The right testicle was palpable in the subcutaneous tissues of the inguinal region. A right inguinal castration was performed,
and a routine closed castration was performed to remove the left testicle. The right testicle was submitted for histologic
Figure 3. Fibrous connective tissue (arrow) was present dorsally and caudally between the parietal preputial mucosa and the
visceral penile mucosa.
Figure 4. A No. 15 blade and Metzenbaum scissors were used to separate the fibrotic tissue attachments from normal tissue.
Further examination of the preputial orifice revealed that the penile mucosa was adhered circumferentially to the preputial
orifice. A 5-F red rubber catheter was placed in the urethra, and an incision was made with a No. 10 blade on the ventral
prepuce starting 2 cm caudal to the preputial orifice and extending 9 cm caudally. On entry into the prepuce, fibrous connective
tissue between the parietal preputial mucosa and the visceral penile mucosa was present dorsally and caudally (Figure 3). The fibrotic tissue attachments were separated from normal tissue by using a No. 15 blade and Metzenbaum scissors (Figure 4). Hemostasis was maintained by using unipolar electrocautery.
To avoid formation of new adhesions postoperatively, the exposed free edges of the visceral penile mucosa were carefully apposed
by using 4-0 poliglecaprone 25 (Monocryl—Ethicon) in a simple continuous pattern (Figure 5). The same procedure was repeated for the free edges of the parietal preputial mucosa. The visceral penile mucosa and the
ipsilateral skin edges were apposed with 4-0 polydioxanone (PDS II—Ethicon) in a simple interrupted pattern.
Figure 5. To avoid the formation of new adhesions, the exposed free edges of the visceral penile mucosa were carefully apposed
The preputial orifice was reconstructed by removing a triangular wedge of tissue from the dorsal aspect of the orifice. The
triangular wedge resection was oriented with the base at the mucocutaneous junction to create a larger preputial opening.
Care was taken to not excise too much tissue, which may result in paraphimosis (an inability to retract the penis into the
The subcutaneous tissue along the ventral aspect of the prepuce was closed by using 3-0 polydioxanone (PDS II—Ethicon) in
a simple continuous pattern. The skin was closed by using 3-0 monofilament nylon in a cruciate pattern. The red rubber catheter
Immediately after closure, the patient received morphine (0.05 mg/kg) and bupivacaine (0.02 mg/kg) epidurally. An indwelling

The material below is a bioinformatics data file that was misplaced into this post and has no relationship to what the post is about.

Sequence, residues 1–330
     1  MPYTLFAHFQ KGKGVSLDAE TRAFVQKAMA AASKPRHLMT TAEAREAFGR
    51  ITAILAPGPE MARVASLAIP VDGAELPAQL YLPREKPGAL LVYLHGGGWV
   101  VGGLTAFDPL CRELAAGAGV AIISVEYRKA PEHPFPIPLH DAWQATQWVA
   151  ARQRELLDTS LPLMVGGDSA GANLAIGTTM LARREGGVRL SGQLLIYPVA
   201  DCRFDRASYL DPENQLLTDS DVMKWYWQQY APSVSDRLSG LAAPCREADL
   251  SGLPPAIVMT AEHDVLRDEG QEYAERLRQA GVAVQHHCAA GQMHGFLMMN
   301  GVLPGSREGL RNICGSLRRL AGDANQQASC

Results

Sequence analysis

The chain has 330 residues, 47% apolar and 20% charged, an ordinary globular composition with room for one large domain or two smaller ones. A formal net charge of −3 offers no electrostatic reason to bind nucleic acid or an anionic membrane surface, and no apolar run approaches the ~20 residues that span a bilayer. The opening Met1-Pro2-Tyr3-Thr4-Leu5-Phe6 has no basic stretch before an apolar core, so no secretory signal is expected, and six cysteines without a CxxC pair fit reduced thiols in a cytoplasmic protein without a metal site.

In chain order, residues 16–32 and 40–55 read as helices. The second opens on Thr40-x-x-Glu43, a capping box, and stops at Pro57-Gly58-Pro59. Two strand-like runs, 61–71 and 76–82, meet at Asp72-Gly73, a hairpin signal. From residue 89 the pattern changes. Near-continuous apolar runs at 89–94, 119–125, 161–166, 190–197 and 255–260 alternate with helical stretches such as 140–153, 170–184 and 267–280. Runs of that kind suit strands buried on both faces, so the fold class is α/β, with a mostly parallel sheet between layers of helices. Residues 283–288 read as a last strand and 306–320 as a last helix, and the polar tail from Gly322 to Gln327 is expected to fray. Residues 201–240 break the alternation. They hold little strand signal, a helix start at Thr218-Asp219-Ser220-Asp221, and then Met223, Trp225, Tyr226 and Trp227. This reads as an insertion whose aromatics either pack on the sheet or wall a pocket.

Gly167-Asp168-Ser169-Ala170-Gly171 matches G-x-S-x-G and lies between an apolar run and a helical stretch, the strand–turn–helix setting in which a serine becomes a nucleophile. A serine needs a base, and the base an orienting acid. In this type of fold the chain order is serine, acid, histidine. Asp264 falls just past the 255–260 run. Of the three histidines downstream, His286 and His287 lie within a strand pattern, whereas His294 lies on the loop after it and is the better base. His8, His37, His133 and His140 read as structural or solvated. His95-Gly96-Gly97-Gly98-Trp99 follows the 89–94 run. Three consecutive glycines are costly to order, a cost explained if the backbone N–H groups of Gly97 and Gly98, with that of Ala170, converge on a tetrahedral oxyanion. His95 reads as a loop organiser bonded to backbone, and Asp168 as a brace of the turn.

urinary catheter was placed, and the catheter passed freely. The patient recovered from anesthesia without complications.
The dog recovered in the intermediate nursing-care unit, and a fentanyl patch (50 µg/hr) was immediately applied. The patient
was given subcutaneous hydromorphone (0.01 mg/kg every four hours) for the initial 12 hours after surgery to provide pain
relief until the fentanyl patch took effect. Cold packs were placed on the incision sites every four hours for the remainder
of the dog's time in the hospital. The dog wore an Elizabethan collar for the next two weeks.
The day after surgery, the dog was bright and alert but in pain, and the indwelling urinary catheter was removed. The dog's
prepuce was slightly swollen, and the patient was passing bloody urine with difficulty. The dog was not interested in food.
Because of patient discomfort, the penis could only be extruded and lubricated with sterile jelly once or twice a day, instead
of every four to six hours. Amoxicillin trihydrate-clavulanate potassium (22 mg/kg given orally twice a day for 14 days) was
started that morning, and carprofen (1.7 mg/kg given orally twice a day for seven days) was started that evening. Topical
2% lidocaine jelly was used instead of sterile lubricating ointment to provide additional local pain relief during the extrusion
of the penis.
Two days after surgery, the patient's prepuce appeared more swollen and painful, although the incisions were intact. When
urinating, the patient would extrude its penis from its sheath and produce a normal urine stream, but after finishing the
main stream, the dog would occasionally strain to produce a few drops of bloody urine. Often the dog would whimper as its
penis receded into the prepuce.
The dog was discharged to a foster home with an Elizabethan collar in place, the medications described above, and instructions
to extrude the penis from the prepuce every six to eight hours or as much as possible for one to two weeks. The caregiver
was also instructed to remove and dispose of the fentanyl patch five days after placement.